This Issue Paper outlines the U.S. Army's current role in three noncombat initiatives: education and community service; nation assistance, particularly in the former Soviet Union and Eastern Europe; and disaster management-suggests potential new activities in these initiatives, and examines some possible concerns. Following the evaluation of the three initiatives, the document concludes that if noncombat activity expands as a proportion of total Army activity, the Reserve Component share of that total might increase disproportionately. The document also observes that in terms of much of its ongoing noncombat activity, the Army does not receive credit in the public mind, does not adequately reward its participants, and does not incorporate these activities into its image (or vision) of itself and that Army leadership could easily reap public benefits by highlighting its noncombat contributions. The document ultimately points out that although the Army has the requisite capabilities for performing noncombat activities, in the final analysis the activities must be evaluated within the context of a U.S. Army vision.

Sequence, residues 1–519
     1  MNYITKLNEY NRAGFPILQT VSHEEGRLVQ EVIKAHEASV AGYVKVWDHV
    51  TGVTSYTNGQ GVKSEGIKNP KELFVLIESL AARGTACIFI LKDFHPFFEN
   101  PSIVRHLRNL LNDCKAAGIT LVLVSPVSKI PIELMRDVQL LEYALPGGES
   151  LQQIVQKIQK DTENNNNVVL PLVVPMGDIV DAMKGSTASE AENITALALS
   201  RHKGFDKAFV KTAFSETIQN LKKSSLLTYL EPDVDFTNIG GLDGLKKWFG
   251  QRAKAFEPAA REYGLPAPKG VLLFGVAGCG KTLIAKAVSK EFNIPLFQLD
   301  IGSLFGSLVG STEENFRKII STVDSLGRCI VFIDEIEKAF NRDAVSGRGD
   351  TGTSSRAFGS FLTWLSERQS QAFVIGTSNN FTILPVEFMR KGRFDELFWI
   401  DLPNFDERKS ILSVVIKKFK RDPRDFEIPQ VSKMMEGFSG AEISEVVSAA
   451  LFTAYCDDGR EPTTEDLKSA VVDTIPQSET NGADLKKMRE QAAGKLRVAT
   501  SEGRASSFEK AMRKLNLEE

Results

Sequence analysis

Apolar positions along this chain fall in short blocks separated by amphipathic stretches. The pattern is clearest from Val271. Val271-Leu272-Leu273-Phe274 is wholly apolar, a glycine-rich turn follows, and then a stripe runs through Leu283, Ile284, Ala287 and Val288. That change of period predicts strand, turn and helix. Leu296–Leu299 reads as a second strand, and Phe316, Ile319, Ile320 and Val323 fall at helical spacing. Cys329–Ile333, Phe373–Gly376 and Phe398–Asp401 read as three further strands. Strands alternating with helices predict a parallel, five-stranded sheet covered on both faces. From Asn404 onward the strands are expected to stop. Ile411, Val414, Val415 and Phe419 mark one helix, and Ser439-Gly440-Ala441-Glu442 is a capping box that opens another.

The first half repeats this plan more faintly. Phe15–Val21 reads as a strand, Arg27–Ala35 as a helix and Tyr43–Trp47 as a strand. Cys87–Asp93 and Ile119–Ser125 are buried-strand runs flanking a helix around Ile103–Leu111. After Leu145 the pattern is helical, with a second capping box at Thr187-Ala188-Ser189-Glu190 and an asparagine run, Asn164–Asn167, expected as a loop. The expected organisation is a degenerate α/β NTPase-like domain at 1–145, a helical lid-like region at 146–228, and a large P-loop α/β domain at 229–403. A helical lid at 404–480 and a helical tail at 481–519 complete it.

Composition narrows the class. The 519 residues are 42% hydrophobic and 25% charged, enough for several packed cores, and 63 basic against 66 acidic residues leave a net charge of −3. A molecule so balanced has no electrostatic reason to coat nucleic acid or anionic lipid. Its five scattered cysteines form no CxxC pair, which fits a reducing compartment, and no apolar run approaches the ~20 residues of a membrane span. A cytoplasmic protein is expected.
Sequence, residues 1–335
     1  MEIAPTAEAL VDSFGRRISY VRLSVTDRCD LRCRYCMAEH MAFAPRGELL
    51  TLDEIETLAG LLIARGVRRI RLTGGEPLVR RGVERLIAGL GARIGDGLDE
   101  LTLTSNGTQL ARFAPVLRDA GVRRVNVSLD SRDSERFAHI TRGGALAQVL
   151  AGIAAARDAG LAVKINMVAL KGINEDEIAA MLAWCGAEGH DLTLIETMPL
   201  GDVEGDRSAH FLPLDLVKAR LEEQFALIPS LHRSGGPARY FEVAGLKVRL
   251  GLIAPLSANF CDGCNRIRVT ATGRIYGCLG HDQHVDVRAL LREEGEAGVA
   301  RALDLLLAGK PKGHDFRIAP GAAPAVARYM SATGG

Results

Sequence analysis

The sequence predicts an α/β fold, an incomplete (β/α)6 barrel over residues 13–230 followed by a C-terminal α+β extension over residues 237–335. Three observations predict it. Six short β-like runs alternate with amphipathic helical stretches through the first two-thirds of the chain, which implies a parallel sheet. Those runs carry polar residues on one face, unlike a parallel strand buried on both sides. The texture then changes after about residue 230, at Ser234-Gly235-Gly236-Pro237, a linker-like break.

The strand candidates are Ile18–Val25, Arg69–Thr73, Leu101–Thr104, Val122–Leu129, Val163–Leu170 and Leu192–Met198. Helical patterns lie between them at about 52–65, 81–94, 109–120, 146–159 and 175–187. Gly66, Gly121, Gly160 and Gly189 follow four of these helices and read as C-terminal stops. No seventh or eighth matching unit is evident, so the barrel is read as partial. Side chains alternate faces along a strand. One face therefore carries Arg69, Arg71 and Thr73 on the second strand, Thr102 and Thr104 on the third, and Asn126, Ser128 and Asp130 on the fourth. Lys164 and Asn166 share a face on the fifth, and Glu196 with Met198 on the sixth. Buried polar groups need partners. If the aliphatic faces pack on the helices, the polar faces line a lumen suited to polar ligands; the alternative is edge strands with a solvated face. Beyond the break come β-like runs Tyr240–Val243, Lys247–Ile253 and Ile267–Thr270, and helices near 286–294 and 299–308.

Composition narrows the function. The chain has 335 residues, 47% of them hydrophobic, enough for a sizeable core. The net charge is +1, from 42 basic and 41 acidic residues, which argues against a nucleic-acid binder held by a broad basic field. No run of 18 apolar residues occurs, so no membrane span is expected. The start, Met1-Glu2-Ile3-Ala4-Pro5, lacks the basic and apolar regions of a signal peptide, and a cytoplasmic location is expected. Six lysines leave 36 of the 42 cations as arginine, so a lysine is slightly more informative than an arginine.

Ondaatje, Elizabeth Heneghan, New Army Noncombat Initiatives. Santa Monica, CA: RAND Corporation, 1993. https://www.rand.org/pubs/issue_papers/IP106.html.
Ondaatje, Elizabeth Heneghan, New Army Noncombat Initiatives, Santa Monica, Calif.: RAND Corporation, IP-106-A, 1993. As of June 22, 2022: https://www.rand.org/pubs/issue_papers/IP106.html